Science News

Long-lived eunuchs

Sun, 30th Sep 2012

Ginny Smith

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Eunuchs - men who were castrated as children – live up to 19 years longer than intact males, according to research by scientists in South Korea.
This study, published in Current Biology, was conducted using historical records of more than 385 eunuchs who lived in Korea - where they served the royal family - between 1551 and 1861. 
EunuchsFrom these records, Kyung-Jin Min and his colleagues at Inha University were able to find the dates when 81 of the listed eunuchs were born and died.
They found that on average, each lived about 70 years, which is considerably longer than the 50-55 years managed by the equivalent intact man living at the same time. Ironically, this is also far longer than the kings they were serving, who managed, on average, just 47 years!
The researchers argue that this difference is likely to be down to hormone levels. Testosterone is mainly produced in the testes, so after castration the amount secreted into the bloodstream falls dramatically.
Testosterone might have a negative effect on the immune system, meaning the Eunchs were better protected against infection. It also causes aggression and competitive behaviour in humans and other animals, so it could be that these eunuchs were getting into fewer fights than their un-castrated counterparts and lived less stressful lives. As well as living longer on average, eunuchs were more likely to live to be centenarians; in fact, there were three amongst the 81 individuals the scientists studied.
Compared with Japan, where centenarians occur at roughly the rate of one in every 3500 individuals, that makes the Korean eunuchs over 130 times more likely to be a centenarian than average - so there does seem to be something in the idea that reducing testosterone increases lifespan.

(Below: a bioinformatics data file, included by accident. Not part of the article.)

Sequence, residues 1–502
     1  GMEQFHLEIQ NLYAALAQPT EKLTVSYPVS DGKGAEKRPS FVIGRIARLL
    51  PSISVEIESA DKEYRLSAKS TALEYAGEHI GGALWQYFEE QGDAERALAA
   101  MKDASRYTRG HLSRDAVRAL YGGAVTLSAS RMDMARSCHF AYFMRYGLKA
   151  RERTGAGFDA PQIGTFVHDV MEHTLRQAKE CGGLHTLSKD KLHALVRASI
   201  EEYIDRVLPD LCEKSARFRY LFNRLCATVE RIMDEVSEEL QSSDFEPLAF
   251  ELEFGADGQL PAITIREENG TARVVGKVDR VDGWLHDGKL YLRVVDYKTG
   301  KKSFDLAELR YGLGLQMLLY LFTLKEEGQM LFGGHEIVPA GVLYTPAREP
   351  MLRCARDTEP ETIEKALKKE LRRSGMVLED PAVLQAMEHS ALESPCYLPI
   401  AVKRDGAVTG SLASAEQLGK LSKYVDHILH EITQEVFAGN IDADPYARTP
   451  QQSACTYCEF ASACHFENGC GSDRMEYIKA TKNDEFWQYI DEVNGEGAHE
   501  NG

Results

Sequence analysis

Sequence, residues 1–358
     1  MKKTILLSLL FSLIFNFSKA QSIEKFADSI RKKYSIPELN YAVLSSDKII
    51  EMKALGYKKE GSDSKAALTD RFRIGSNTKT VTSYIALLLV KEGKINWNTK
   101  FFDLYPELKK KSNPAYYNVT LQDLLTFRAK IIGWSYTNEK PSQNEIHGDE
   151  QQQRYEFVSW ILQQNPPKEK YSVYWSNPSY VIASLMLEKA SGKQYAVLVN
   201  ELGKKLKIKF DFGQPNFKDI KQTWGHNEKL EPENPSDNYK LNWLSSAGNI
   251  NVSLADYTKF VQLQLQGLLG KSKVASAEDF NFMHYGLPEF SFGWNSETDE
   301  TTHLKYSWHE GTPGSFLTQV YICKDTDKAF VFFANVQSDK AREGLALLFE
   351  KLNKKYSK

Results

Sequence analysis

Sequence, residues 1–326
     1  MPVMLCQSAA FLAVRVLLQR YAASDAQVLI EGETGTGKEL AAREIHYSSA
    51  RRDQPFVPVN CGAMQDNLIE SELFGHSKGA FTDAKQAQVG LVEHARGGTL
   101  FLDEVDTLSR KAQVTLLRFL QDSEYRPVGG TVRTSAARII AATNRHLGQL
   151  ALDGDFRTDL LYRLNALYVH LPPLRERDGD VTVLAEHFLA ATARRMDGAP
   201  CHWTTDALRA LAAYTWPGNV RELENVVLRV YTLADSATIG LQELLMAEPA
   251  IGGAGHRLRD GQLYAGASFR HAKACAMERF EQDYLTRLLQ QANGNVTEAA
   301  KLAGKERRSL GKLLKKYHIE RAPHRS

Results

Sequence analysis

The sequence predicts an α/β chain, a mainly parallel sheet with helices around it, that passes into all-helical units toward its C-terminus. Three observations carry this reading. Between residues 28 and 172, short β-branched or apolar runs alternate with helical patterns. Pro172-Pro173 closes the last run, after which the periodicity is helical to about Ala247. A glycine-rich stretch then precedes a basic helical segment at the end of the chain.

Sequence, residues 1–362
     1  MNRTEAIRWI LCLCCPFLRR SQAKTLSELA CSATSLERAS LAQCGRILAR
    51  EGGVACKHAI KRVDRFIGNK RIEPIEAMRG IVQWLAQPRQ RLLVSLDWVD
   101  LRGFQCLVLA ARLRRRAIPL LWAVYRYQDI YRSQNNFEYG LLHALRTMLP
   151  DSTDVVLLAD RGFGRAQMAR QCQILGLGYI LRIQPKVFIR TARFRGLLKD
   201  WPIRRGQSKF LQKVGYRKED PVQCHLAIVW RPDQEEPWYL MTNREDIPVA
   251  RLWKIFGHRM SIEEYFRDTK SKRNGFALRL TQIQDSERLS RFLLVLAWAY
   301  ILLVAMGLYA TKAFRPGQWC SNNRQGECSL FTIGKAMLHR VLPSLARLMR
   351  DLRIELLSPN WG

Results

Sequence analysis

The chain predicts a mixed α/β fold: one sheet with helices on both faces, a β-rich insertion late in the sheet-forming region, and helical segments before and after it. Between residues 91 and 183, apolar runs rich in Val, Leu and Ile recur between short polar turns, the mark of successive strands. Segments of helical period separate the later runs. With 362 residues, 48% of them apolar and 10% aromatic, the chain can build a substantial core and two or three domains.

But we still don’t know exactly how this happens, or whether only castration during childhood has the same longevity-enhancing effects. Would a man castrated later in life gain the same advantages? We just don’t know.
Some critics of the study have also pointed out that no difference in longevity is found when castratos versus non-castrato singers from the same era are compared.
A lot more research is needed before we can say for sure that castration will increase your chances of living to 100! 

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The same is true of castrated animals, which outlive their uncastrated counterparts by a significant margin. I think most people believe this reflects reduced aggression and fighting, but that's hard to reconcile with a domestic dog where the closest it comes to a fight is getting to the bowl to gobble down dinner first... chris, Tue, 2nd Oct 2012

So this is not a miraculous longevity issue here...it's just a result of a behavioural change as a consequence to having ya meat and two veg lobbed off ! neilep, Tue, 2nd Oct 2012

Castration would lower their odds of sexually transmitted disease as it would lower their libido and probably render them impotent. ( In the period studied sexually transmitted disease would have been a common cause of death ).

Having their testicles removed would also lower their odds of prostate cancer, which is common in elderly men ...


http://www.prostate-cancer.com/hormone-therapy/side-effects/hormonal-side-effects-orchiectomy.html

https://en.wikipedia.org/wiki/Prostate_cancer RD, Tue, 2nd Oct 2012



only the nads go. RD, Fri, 26th Oct 2012

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